On the Protectors of Democracy
An American friend — or rather I ought to say the American friend — responding to my recent article, “Democratic Equality 101,” offered the following musing:
The entire discussion of “protecting our democracy” here in the USA makes me want to vomit. The purposeful dumbing down of our citizenry is apparent everywhere. A Constitutional Republic was/is intended to be a safeguard against unruly mobs. True democracy is little more than gang rape dressed in a clean suit.
To which I say:
As for “protecting your democracy,” I think you are applying the principle of charity in describing pure democracy as “gang rape dressed in a clean suit.” Have you seen what most of your protectors of democracy are wearing these days? I mean the rank and file gang members, not the absentee slumlords in the penthouse counting the money.
But cheers anyway, it’s all going to sort itself out. Not in our lifetimes, but patience is a virtue. As the true conservative Milton (the Renaissance poet, not the American economist) wrote, “They also serve who only stand and wait.”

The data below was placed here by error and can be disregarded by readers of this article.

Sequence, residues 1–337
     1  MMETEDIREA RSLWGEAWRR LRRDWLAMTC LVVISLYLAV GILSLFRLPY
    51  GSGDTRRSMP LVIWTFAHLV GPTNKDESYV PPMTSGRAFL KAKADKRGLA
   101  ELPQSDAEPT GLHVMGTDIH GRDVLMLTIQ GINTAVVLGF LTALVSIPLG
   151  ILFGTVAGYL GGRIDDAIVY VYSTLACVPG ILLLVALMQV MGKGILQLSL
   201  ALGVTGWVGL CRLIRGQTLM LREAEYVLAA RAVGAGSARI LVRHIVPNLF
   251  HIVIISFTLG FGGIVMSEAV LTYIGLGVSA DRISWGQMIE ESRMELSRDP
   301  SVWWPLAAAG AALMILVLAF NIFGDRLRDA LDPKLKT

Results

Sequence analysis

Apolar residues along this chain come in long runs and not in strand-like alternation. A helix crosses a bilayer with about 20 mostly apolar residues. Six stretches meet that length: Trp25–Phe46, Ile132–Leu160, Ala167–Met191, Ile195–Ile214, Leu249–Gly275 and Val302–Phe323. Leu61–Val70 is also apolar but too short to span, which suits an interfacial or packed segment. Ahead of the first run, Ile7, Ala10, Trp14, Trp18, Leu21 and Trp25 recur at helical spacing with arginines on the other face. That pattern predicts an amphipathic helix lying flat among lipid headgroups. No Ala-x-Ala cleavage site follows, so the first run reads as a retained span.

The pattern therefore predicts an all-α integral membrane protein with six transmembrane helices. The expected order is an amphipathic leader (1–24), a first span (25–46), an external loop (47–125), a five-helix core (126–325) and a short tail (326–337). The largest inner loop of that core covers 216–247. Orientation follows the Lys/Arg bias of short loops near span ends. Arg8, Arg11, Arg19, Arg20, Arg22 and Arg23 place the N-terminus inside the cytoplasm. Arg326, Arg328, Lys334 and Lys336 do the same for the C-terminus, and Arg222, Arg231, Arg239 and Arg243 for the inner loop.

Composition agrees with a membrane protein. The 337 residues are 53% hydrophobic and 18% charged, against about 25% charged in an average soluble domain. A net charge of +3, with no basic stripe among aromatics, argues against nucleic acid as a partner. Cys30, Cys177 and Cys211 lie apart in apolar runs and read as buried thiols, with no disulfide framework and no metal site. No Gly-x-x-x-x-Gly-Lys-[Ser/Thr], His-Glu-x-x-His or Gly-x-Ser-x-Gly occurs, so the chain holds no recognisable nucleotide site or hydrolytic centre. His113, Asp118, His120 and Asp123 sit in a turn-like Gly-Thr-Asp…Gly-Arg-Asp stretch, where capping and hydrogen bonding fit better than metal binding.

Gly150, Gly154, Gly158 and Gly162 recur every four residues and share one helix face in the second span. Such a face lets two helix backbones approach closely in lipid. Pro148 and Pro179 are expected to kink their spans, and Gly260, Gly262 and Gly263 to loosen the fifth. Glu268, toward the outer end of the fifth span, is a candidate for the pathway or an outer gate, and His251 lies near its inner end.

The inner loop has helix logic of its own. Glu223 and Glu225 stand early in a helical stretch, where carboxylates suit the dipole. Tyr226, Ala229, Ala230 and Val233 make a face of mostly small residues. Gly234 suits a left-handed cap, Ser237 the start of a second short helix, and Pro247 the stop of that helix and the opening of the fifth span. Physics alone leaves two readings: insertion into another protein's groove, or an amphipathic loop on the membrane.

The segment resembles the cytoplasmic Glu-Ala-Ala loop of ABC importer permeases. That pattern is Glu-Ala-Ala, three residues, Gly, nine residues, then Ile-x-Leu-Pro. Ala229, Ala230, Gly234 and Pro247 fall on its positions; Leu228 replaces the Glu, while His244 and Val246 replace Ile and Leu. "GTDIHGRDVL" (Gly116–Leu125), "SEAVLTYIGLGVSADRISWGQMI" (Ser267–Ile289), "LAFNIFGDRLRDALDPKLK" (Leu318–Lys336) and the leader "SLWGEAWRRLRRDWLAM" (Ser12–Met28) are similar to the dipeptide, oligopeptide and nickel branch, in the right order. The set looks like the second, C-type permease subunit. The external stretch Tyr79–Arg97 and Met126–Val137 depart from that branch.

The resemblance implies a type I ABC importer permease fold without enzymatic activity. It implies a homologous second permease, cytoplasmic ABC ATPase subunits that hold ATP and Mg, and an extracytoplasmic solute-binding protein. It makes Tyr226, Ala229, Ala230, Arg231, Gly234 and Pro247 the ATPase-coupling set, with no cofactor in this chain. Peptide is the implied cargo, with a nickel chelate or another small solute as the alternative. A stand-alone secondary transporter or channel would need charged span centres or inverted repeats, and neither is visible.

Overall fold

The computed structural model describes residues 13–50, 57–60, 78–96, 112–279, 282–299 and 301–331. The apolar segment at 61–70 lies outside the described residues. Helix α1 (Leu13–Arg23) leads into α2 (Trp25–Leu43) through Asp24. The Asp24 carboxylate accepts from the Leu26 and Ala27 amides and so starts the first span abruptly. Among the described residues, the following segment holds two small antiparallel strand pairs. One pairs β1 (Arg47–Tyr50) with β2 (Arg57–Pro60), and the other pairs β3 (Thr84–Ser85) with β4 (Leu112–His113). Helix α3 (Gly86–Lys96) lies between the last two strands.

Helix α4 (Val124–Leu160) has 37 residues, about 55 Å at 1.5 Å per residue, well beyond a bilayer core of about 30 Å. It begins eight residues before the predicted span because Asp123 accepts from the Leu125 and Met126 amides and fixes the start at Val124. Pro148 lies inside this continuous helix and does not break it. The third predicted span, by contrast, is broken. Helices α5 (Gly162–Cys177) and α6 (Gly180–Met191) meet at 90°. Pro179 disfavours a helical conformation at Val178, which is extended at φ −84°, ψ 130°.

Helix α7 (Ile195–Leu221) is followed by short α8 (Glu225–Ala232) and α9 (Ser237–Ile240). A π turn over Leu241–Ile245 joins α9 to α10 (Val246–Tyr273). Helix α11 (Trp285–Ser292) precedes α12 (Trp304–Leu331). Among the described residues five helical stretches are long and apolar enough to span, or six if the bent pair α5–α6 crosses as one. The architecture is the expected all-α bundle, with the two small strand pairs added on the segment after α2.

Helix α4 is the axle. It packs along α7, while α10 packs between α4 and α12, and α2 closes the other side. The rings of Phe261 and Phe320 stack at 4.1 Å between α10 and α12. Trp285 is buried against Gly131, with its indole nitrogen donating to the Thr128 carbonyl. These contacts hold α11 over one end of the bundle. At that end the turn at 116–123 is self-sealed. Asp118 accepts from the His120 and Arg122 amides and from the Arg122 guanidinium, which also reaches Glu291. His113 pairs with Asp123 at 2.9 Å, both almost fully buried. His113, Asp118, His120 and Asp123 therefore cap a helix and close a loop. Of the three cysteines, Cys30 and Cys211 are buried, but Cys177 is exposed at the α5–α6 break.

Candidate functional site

And since I have arrived here, let us take that last point one step further by concluding with the full context of that famous line, Sonnet 19.
When I consider how my light is spent,
Ere half my days, in this dark world and wide,
And that one Talent which is death to hide
Lodged with me useless, though my Soul more bent
To serve therewith my Maker, and present
My true account, lest he returning chide;
“Doth God exact day-labour, light denied?”
I fondly ask. But patience, to prevent
That murmur, soon replies, “God doth not need
Either man’s work or his own gifts; who best
Bear his mild yoke, they serve him best. His state
Is Kingly. Thousands at his bidding speed
And post o’er Land and Ocean without rest:
They also serve who only stand and wait.”